Even the president of a union that represents Brazil's 650 civilian air-traffic controllers, who work under military supervision, has expressed concern about the military investigating itself. Jorge Botelho said the system's lack of transparency and oversight put passengers at risk.
"I have no doubt this is affecting the quality of the work," Botelho said in an interview. "This military system isn't letting the public see what's happening and hold people responsible."
Defense Minister Pires has called such criticism frivolous and has placed his confidence in the military investigators.
"These surveys are careful, but it's fundamental to know what happened," he said at a news conference Thursday. "Was there a breakdown? The transponder was turned off? Was there a temporary interruption in contacts? All this needs to be thoroughly investigated."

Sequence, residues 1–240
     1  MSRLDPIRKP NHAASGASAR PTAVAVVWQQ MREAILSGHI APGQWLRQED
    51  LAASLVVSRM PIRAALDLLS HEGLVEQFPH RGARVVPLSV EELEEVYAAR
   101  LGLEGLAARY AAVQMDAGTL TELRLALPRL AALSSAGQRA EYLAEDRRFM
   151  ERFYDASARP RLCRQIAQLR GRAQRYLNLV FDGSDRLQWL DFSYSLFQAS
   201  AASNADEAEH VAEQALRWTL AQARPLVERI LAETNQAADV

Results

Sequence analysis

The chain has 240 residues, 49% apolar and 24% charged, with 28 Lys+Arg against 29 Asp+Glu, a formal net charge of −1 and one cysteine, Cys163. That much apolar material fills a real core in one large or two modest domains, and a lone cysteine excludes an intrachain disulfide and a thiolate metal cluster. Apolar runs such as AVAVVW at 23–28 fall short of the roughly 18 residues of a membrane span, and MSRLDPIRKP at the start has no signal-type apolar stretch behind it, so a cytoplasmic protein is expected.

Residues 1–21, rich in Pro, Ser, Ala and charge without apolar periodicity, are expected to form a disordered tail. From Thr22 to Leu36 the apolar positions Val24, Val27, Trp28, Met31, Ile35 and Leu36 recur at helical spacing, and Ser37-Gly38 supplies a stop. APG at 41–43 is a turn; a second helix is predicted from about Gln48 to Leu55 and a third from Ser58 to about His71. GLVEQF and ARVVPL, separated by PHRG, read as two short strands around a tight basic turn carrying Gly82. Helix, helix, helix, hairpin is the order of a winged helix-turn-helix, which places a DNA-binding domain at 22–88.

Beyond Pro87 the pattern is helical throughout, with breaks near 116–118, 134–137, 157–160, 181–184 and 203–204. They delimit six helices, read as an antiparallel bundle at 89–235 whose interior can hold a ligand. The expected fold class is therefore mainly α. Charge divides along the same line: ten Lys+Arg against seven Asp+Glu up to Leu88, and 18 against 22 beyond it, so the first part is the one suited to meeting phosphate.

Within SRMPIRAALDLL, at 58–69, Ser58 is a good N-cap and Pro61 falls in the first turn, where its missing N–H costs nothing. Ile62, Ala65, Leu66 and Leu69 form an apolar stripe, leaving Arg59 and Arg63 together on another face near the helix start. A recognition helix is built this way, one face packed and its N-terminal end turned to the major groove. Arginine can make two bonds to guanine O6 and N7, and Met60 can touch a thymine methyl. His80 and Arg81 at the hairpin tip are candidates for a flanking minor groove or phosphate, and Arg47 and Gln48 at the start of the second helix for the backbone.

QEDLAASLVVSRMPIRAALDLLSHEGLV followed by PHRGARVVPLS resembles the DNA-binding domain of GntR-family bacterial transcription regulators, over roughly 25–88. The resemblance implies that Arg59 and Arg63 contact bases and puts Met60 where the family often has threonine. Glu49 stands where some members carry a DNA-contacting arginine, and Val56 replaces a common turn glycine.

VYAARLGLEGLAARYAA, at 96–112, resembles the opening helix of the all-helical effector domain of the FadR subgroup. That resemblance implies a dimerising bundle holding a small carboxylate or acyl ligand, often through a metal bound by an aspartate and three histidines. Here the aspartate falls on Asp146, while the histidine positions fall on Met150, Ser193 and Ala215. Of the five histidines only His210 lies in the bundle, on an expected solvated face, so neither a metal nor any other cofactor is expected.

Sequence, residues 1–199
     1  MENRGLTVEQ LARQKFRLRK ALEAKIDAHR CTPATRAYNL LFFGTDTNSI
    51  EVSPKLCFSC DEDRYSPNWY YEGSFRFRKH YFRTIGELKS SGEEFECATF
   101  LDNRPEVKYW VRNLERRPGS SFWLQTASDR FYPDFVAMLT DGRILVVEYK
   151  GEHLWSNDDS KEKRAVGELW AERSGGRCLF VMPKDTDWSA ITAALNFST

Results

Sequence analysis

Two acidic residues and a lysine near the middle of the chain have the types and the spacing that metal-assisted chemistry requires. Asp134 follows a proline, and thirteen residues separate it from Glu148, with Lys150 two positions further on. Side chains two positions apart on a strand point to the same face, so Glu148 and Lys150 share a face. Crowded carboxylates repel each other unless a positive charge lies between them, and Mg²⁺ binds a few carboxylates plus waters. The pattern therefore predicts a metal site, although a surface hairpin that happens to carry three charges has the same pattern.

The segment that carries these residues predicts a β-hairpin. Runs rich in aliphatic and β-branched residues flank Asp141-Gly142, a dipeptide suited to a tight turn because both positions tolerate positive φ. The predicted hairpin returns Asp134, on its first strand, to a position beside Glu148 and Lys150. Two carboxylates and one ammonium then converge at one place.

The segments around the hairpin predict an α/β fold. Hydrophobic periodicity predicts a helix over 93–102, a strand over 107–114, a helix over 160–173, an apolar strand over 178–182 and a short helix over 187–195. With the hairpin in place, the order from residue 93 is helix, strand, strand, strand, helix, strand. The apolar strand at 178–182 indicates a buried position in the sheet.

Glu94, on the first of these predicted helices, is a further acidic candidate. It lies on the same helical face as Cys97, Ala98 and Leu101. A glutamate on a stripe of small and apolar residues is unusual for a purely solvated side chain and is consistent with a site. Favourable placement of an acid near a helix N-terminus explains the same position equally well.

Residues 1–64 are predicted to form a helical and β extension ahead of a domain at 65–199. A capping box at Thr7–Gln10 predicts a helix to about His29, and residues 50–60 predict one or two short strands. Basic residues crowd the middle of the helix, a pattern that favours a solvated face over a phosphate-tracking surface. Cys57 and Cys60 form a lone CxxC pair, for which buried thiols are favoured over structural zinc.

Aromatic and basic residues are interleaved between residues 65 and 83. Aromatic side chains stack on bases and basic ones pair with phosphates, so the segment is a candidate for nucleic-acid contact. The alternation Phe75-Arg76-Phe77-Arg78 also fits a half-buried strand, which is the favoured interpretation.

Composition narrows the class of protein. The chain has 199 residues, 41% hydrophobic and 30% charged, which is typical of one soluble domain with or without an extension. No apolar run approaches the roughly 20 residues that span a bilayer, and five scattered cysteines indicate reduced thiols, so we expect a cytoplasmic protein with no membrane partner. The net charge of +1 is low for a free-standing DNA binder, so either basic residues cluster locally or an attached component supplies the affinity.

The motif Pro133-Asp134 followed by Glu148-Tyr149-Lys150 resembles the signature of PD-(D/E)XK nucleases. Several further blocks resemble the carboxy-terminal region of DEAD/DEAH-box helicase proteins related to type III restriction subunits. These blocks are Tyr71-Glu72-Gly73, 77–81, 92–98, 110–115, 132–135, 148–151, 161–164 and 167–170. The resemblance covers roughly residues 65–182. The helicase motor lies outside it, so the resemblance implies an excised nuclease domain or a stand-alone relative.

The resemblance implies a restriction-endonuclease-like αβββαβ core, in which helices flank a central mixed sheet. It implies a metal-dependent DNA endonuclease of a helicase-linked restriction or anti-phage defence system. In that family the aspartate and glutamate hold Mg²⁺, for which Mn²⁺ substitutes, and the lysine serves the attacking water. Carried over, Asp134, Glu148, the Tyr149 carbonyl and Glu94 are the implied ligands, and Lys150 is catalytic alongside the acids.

What's known is that the accident happened 37,000 feet over a remote part of the jungle near the Xingu National Park.
The corporate jet, a Legacy model just delivered by Brazilian aircraft-maker Embraer, was given a flight plan calling for it to fly northwest at 37,000 feet until it reached the capital of Brasilia, where it was to have descended to 36,000 feet. It was then supposed to climb to 38,000 feet when it reached a spot about 180 miles from where the collision occurred.
The Boeing, also a new plane, was following a plan that called for it to cruise at 37,000 feet on its way southeast from the city of Manaus to Brasilia.